At MAPP, there are a few routes that I am specifically interested in. Before this year, I intended to completely focus on the welfare of animals in performance (zoos, aquariums, circuses, etc.), because I believe that if people do not have access to these animals and get to see that they exist and are worth saving, then the public will forget that there are other lives we need to be concerned about than our own. I believe that we can use these performance based venues to do just that; we just need to determine the proper way to do it so that it is not detrimental to the animals involved. I’ve always been attracted to this route, because I originally wanted to pursue animal training in particular, and because I have a history in the performance field as well. I also have an extreme love for killer whales and would quite literally do anything for them. Another route of interest that I gained from my experience at Animal Care and Control of Philadelphia this year, is working on a program to rehab animals who are more on the behaviorally challenging side of the spectrum. I’ve seen the amazing way these animals can turn around when given the attention they need, but with the vast amount of intake most shelters experience, these animals often fall through the cracks. I would like to improve this situation and help increase the survival rate of these more ‘behaviorally special’ animals.
What are your career goals?
As I said above, there are two general routes I’m interested in pursuing, and I’m hoping that this program can help give me both the education and experience in order to take on a leadership position and truly make a difference. Something has to be done. So when people ask me what I want to do, the only answer I can really give is that I want to change the animal world. I guess all in all is I want to give them their best chance.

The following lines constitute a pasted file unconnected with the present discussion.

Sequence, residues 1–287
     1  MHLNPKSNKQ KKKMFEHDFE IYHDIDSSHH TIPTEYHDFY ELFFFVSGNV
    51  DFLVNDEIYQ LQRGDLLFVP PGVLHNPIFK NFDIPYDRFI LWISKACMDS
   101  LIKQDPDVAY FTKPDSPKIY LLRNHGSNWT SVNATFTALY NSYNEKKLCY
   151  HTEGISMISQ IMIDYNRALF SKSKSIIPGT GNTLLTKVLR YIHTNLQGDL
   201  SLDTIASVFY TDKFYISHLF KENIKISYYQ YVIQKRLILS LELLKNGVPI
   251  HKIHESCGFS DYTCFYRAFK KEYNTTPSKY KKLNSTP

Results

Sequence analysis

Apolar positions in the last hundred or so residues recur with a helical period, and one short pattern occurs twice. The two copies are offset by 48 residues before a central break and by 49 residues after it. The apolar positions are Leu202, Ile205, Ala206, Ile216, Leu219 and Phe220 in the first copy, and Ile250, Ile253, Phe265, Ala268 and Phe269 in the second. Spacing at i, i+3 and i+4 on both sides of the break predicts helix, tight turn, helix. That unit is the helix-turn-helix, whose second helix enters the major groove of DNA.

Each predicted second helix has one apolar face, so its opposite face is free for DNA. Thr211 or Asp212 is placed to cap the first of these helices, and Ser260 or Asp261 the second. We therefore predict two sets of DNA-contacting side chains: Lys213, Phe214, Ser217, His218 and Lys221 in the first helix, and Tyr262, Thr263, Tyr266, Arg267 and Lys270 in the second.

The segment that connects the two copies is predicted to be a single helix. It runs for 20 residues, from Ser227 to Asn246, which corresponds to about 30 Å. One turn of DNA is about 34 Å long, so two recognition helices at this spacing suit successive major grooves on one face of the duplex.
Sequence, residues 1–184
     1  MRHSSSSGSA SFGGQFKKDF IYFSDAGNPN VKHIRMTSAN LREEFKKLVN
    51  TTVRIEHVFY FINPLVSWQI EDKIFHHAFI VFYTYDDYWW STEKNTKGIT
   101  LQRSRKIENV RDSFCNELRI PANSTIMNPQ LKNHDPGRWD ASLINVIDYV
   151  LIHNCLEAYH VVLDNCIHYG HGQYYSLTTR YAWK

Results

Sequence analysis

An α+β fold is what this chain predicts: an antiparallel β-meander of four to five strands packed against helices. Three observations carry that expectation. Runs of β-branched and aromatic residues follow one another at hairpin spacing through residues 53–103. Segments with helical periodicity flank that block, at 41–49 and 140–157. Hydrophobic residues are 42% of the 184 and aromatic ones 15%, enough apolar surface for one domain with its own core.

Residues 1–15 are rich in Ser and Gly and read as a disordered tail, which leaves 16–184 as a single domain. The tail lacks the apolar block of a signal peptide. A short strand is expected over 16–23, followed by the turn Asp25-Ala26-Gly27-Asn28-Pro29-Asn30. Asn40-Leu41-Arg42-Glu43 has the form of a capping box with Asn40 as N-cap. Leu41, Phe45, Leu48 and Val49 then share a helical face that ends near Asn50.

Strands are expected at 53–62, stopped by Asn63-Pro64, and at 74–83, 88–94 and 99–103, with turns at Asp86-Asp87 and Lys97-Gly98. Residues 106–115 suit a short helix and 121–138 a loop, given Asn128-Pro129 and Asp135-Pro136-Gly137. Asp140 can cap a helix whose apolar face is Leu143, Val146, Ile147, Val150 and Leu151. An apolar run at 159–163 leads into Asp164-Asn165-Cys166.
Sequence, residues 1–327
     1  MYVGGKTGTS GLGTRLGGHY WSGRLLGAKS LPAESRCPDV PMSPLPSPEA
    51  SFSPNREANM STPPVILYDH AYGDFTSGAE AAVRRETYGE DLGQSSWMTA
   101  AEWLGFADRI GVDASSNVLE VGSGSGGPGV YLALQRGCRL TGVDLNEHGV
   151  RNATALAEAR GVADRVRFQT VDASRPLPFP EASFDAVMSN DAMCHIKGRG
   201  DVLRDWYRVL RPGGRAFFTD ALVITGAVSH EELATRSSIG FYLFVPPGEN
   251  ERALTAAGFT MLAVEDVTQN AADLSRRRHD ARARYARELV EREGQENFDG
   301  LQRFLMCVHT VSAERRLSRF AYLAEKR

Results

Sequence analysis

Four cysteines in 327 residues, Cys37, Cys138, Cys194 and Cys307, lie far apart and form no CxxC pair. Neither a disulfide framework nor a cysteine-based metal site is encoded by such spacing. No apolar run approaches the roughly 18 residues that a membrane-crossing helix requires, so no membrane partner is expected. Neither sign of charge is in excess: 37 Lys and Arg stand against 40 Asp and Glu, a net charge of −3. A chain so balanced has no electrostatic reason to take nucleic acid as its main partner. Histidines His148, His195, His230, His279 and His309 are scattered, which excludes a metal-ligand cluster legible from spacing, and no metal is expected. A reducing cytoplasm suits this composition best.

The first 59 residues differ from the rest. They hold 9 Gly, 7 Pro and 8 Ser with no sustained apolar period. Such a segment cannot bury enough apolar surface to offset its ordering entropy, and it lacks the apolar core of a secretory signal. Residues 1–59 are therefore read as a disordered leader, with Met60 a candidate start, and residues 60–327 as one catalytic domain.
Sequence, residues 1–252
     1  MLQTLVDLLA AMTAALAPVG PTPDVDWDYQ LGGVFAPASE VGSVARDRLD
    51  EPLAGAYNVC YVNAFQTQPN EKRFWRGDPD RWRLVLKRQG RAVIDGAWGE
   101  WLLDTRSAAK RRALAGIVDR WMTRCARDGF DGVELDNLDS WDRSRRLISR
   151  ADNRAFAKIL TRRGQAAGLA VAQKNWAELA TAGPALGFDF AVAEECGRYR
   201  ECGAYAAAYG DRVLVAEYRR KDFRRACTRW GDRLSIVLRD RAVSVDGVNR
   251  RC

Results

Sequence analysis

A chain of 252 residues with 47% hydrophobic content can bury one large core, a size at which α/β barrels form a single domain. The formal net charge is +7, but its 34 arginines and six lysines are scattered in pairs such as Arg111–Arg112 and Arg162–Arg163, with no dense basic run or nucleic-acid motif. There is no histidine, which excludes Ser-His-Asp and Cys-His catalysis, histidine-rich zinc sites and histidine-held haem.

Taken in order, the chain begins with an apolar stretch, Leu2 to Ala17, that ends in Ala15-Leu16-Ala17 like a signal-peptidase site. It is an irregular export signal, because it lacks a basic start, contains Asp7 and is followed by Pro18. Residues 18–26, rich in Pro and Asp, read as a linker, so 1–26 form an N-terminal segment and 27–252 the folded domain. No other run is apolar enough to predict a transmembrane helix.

What are your outside interests?
One of my biggest outside interests is in Circus Arts. I entered this world 3 or so years ago, and I’m absolutely addicted. As I began with Aerials Silks ( or Fabric), that is my favorite thing to do; but I also enjoy Trapeze, Lyra, Acrobatics, etc.
I also love horseback riding, reading, writing ( I was a creative writing minor after all!), and singing. I originally went into undergrad hoping to pursue Musical Theatre, so the arts will always have a special place in my heart. And I love Disney!
Number of pets? What?
I have two kitties. My first child, Boo, was my first pet on my own, and my second, Meggy, is a foster fail who was a job hazard of working at an animal shelter. They’re both absolutely perfect.
Is there anything else you would like to share?
Anything else to share? I’m just excited to get to know and work with people who have the same level of fire and passion to help animals!
MS in Animals and Public Policy
The MS in Animals and Public Policy (MAPP) is an intensive, 12-to-16-month graduate degree program that focuses on human-animal relationships and their implications for policy and community action.
Center for Animals and Public Policy
The mission of the Tufts Center for Animals and Public Policy (CAPP) is to conduct and encourage scholarly evaluation and understanding of the complex societal issues and public policy dimensions of the changing role and impact of animals in society. Work conducted by the Center is based on the tenets that animal well-being matters, that animal and human well-being are linked, and that both are enhanced through improved understanding of human-animal relationships.